Ever bake a cake that turns out flat? Muffins that look more like pancakes? Baked goods that puff in the oven, then cave when they cool?
That's lift and it's created by beating, the addition of beaten eggs, and chemical leveners like baking soda and baking powder.
Here's the rundown on how air gets added to your baked goods so they rise when you bake them, and don't fall too far when you take them out.
Photo by Cake Spy
BEATING & CREAMING
Don't minimize the importance of this step. While you can achieve a good mix by hand, electric mixers have greatly simplified the task of beating sugar, butter and eggs into a light and creamy emulsion for cake and cookies. Read the description in a recipe from a reliable source of how something should look when it's creamed, and work until you achieve that result.
One key to good beating and creaming - don't beat at top speed! In fact, higher speeds create unstable air bubbles and may cause your batter to deflate. Low to medium speed is plenty for everything but whipping, where you use your whisk attachment. This is especially try with SideSwipe. You never will need to use anything higher than medium speed to achieve good creaming.
Follow the recommended mixing time with a standard beater. When using SideSwipe, cut that time in half and check for consistency. If you're not sure, err on the low side.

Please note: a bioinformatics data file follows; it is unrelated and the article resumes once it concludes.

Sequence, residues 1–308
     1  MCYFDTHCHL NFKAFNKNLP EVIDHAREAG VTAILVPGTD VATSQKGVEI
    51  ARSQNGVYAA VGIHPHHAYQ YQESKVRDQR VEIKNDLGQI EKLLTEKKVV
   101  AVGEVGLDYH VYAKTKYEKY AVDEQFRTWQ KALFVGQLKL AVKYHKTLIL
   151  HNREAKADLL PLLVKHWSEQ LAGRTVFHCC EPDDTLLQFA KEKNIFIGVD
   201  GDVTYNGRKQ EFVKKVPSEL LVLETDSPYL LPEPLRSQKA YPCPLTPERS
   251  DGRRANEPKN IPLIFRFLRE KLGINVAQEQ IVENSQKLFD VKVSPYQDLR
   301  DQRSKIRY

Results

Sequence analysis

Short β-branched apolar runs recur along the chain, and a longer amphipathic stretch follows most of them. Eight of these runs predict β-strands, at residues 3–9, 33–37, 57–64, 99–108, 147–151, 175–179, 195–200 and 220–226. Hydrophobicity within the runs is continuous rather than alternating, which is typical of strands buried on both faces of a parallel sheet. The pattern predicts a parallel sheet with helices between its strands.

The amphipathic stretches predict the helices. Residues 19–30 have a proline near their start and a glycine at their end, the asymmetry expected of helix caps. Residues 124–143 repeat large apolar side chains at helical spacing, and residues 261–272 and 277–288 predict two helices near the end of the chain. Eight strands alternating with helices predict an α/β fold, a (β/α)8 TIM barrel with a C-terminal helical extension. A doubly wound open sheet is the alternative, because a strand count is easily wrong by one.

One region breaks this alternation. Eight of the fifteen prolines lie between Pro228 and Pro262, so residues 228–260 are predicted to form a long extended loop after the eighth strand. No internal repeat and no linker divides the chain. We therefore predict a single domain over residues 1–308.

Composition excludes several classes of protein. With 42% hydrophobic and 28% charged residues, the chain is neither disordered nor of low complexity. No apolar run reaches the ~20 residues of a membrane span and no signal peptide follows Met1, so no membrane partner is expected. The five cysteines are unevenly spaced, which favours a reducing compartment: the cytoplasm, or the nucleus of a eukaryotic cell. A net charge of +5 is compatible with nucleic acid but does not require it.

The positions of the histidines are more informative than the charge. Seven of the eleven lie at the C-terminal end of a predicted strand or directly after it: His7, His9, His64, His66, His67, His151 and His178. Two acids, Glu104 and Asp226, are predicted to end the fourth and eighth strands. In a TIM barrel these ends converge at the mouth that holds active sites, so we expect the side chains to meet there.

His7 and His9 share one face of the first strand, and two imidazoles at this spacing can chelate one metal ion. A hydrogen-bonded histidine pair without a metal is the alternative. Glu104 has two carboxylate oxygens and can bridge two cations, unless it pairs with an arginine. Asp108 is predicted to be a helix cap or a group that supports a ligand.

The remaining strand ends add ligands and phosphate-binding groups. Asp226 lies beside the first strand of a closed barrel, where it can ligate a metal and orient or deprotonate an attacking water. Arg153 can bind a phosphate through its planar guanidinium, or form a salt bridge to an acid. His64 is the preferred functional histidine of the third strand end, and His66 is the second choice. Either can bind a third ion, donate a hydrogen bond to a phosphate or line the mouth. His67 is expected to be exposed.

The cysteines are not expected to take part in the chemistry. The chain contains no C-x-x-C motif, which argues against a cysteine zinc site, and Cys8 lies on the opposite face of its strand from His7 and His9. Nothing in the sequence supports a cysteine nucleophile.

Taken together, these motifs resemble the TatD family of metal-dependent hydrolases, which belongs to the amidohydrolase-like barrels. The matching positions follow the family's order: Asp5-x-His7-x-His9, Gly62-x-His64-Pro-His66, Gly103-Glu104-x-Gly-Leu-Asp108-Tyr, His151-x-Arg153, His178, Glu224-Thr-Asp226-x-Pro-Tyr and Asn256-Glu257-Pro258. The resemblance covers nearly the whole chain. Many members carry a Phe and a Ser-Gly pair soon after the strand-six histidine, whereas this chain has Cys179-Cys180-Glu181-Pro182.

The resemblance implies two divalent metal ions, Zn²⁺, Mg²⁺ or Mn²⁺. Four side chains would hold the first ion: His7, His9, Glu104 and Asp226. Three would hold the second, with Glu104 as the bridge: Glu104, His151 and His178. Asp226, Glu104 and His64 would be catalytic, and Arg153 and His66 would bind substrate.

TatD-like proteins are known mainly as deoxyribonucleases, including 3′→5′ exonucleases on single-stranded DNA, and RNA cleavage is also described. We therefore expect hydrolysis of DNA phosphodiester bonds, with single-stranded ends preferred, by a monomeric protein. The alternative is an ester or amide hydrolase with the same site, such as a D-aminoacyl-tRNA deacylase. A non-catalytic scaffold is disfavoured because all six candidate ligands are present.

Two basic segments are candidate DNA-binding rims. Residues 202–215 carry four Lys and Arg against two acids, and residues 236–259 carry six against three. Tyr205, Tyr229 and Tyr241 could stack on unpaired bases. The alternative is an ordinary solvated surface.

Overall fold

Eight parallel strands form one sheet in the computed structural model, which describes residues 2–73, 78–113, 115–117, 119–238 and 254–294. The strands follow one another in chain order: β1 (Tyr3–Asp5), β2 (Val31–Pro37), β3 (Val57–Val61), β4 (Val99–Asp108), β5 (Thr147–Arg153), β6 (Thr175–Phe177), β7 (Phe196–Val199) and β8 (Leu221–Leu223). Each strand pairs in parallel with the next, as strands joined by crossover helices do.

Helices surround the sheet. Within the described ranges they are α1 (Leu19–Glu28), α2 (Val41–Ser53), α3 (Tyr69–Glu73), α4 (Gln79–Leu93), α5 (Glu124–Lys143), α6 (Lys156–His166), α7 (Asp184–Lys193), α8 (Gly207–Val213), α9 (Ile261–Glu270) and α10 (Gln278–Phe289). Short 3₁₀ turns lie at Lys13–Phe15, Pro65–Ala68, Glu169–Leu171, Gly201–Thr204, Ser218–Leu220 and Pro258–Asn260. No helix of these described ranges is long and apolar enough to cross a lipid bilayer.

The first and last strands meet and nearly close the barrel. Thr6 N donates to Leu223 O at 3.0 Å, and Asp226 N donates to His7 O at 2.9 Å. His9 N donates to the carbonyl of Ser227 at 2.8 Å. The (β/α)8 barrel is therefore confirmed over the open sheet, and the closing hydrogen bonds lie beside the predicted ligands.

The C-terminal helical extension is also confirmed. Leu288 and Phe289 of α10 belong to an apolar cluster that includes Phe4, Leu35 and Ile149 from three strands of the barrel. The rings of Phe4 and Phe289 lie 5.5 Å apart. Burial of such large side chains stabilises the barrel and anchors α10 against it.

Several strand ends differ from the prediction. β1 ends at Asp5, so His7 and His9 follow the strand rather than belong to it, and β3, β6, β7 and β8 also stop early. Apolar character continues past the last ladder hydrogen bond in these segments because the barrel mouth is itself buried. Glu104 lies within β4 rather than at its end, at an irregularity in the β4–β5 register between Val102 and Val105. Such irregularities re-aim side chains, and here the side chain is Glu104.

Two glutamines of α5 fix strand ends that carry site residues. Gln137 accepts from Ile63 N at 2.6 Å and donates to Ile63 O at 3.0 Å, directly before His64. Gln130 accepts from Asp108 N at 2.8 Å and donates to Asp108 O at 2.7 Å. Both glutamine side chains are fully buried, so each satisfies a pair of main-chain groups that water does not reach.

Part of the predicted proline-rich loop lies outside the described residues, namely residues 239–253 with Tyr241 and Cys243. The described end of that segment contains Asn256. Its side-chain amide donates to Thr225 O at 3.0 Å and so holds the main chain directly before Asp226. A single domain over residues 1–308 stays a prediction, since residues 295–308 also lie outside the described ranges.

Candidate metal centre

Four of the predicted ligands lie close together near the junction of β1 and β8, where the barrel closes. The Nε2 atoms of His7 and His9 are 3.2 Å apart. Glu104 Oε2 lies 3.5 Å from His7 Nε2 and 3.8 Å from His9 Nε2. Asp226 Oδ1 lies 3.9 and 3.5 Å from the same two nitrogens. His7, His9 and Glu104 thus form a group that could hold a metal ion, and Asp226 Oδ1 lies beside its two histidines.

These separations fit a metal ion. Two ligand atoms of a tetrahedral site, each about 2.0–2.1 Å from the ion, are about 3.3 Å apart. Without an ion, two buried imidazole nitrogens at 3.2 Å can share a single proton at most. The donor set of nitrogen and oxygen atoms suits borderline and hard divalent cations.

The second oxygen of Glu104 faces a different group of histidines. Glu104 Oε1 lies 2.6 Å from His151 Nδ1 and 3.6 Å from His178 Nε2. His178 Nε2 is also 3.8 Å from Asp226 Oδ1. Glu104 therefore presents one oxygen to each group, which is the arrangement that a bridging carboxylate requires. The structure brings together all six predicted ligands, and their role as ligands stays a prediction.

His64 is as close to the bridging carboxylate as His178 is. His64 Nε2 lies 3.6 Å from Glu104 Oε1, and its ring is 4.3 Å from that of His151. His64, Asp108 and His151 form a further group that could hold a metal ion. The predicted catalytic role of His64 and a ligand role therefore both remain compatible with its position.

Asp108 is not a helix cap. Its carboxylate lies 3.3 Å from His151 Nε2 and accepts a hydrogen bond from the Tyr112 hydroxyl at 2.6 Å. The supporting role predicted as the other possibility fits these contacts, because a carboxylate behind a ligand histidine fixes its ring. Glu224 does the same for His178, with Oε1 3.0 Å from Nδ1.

When adding dry ingredients, mix only until combined for most recipes. Recipes using oil will often call for longer mixing after the dry ingredients to add some air to the final batter.
FATS & FAT TEMPERATURE
The way you incorporate fat into a dough or batter also increases the amount of air you add. Creaming ROOM TEMPERATURE butter and sugar together incorporates air, both through the action of the beater, and because jagged sugar crystals "grab" air as they come to the surface. Vegetable oil will produce a heavier product because it just doesn't contain as much air as butter. Also, the water in butter, when heated in the oven, expands and turns to steam; this also helps create a lighter baked good.
EGGS & EGG TEMPERATURE
Most recipes calling for eggs have them beaten until they're light and lemon-colored; that's the signal that they've incorporated an appropriate amount of air. Egg whites can be beaten until they've ballooned with air and become meringue. And if you beat eggs together with fat (as with creaming eggs and butter), you produce an emulsion that can hold more air than either alone.
Most recipes turn out lighter when the eggs are room temperature, as they can achieve their best lift when they are warmer.
source of basic information: King Arthur Flour
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